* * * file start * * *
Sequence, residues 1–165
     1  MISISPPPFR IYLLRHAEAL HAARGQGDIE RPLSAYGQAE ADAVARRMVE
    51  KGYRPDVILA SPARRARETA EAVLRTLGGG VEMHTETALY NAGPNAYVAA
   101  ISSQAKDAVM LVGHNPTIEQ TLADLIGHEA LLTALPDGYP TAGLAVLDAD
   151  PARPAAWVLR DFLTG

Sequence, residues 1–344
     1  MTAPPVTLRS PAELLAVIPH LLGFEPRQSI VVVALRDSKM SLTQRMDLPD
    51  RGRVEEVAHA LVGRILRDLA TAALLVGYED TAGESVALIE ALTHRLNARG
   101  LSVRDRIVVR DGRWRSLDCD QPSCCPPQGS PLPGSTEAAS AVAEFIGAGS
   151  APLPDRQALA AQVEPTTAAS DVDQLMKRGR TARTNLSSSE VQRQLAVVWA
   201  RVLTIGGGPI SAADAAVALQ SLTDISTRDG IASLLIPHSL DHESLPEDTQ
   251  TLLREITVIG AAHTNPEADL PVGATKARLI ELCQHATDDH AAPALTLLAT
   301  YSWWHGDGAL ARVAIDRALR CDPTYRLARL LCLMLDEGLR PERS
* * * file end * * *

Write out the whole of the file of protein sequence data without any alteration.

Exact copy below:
Sequence, residues 1–165
     1  MISISPPPFR IYLLRHAEAL HAARGQGDIE RPLSAYGQAE ADAVARRMVE
    51  KGYRPDVILA SPARRARETA EAVLRTLGGG VEMHTETALY NAGPNAYVAA
   101  ISSQAKDAVM LVGHNPTIEQ TLADLIGHEA LLTALPDGYP TAGLAVLDAD
   151  PARPAAWVLR DFLTG

Sequence, residues 1–344
     1  MTAPPVTLRS PAELLAVIPH LLGFEPRQSI VVVALRDSKM SLTQRMDLPD
    51  RGRVEEVAHA LVGRILRDLA TAALLVGYED TAGESVALIE ALTHRLNARG
   101  LSVRDRIVVR DGRWRSLDCD QPSCCPPQGS PLPGSTEAAS AVAEFIGAGS
   151  APLPDRQALA AQVEPTTAAS DVDQLMKRGR TARTNLSSSE VQRQLAVVWA
   201  RVLTIGGGPI SAADAAVALQ SLTDISTRDG IASLLIPHSL DHESLPEDTQ
   251  TLLREITVIG AAHTNPEADL PVGATKARLI ELCQHATDDH AAPALTLLAT
   301  YSWWHGDGAL ARVAIDRALR CDPTYRLARL LCLMLDEGLR PERS